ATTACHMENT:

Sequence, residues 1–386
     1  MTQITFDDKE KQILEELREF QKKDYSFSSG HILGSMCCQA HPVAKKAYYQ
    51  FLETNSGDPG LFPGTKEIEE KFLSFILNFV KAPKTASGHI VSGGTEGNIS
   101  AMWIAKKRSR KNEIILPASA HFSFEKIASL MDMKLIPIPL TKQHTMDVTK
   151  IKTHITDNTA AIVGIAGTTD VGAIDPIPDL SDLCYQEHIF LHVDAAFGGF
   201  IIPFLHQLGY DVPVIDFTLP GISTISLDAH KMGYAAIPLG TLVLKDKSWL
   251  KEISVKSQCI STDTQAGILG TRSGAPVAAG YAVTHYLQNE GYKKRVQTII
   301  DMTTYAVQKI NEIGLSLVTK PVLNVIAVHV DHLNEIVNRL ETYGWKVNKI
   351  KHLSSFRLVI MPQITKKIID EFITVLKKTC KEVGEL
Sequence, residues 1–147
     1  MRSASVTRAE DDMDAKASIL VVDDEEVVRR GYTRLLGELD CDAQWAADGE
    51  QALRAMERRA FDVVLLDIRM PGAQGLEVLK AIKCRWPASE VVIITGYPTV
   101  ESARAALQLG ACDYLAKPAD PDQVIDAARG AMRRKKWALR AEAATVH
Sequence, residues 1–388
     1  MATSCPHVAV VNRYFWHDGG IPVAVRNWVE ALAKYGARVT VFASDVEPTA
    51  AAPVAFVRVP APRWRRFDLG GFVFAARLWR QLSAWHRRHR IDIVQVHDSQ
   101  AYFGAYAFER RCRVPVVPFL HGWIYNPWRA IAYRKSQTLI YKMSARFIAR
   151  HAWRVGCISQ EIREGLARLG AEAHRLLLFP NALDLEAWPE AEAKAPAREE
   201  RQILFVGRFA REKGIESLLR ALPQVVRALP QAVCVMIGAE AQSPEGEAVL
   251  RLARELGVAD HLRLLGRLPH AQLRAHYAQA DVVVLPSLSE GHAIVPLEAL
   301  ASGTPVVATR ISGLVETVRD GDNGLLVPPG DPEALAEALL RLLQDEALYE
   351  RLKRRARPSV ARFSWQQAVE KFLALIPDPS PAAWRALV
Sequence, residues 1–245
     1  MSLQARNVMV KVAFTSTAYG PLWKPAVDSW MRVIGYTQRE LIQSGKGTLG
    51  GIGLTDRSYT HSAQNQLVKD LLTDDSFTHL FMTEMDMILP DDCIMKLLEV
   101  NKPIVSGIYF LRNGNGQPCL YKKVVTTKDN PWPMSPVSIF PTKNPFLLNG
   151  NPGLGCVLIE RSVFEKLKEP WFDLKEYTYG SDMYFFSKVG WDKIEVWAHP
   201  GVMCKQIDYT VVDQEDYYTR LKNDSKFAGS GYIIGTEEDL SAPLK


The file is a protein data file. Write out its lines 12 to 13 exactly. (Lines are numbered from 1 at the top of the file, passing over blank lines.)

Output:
    51  QALRAMERRA FDVVLLDIRM PGAQGLEVLK AIKCRWPASE VVIITGYPTV
   101  ESARAALQLG ACDYLAKPAD PDQVIDAARG AMRRKKWALR AEAATVH